The renewed risk-on phase, coupled with loose financial conditions, has raised questions about the sustainability of risky assets' valuations. Passing judgment on such issues is very difficult. Even so, an examination suggests that the answer hinges on assessments of the factors behind historically low sovereign bond yields, notably the role of the term premium - the compensation for bearing the risk of holding a long-maturity bond as opposed to a sequence of shorter-maturity ones.

Consider equities first. The picture differs across countries, with US valuations in particular being considerably higher than in most other countries. When measured on a standalone basis, such as through the popular cyclically adjusted earnings yield, US equities appear high by historical standards. By contrast, they look roughly in line when compared with the unusually low bond yields. But they look rich again if one adjusts the bond yields by stripping out an estimate of the term premium, which is in fact negative - something unique to the post-crisis experience. Signs of high risk-taking, such as the very low level of the VIX and the record high positions betting on a further decline, also hint at stretched valuations. A similar picture applies to US commercial real estate, where prices have been quite buoyant.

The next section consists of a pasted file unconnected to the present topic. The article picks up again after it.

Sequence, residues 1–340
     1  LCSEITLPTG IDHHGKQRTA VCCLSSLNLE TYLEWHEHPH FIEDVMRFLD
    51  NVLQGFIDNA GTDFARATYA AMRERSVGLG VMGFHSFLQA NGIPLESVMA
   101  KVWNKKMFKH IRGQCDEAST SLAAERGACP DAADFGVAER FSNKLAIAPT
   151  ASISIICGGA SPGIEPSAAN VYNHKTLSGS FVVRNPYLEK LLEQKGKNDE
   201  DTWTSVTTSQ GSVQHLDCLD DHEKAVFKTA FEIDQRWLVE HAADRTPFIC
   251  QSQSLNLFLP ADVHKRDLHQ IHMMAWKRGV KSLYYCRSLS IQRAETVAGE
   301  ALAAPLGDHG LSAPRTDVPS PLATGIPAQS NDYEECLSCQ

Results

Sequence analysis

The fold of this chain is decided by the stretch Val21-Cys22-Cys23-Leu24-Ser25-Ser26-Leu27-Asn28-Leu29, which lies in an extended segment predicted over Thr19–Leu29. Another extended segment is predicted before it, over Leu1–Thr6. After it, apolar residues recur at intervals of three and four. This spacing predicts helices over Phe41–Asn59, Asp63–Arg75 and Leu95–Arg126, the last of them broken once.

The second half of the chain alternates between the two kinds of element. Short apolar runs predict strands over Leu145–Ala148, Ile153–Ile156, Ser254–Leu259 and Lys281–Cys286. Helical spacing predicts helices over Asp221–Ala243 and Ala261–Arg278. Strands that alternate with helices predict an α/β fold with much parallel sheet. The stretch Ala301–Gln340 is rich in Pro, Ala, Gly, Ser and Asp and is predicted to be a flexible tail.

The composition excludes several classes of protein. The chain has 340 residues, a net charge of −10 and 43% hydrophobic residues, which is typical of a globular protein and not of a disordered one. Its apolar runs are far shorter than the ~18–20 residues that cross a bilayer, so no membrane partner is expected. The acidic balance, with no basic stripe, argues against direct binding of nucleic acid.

The assessment is more straightforward in the case of corporate debt. In advanced economies, spreads in relation to sovereign bond yields were on the low side by historical standards. The typically tight relationship between manufacturing activity and spreads broke down this year, as activity faltered, yet spreads narrowed further. And all this coincided with clear signs of risk-taking, such as the strong issuance of high-yield bonds and larger inflows into funds specialised in frontier bond markets. At the same time, default rates and downgrades picked up for high-yield issuers.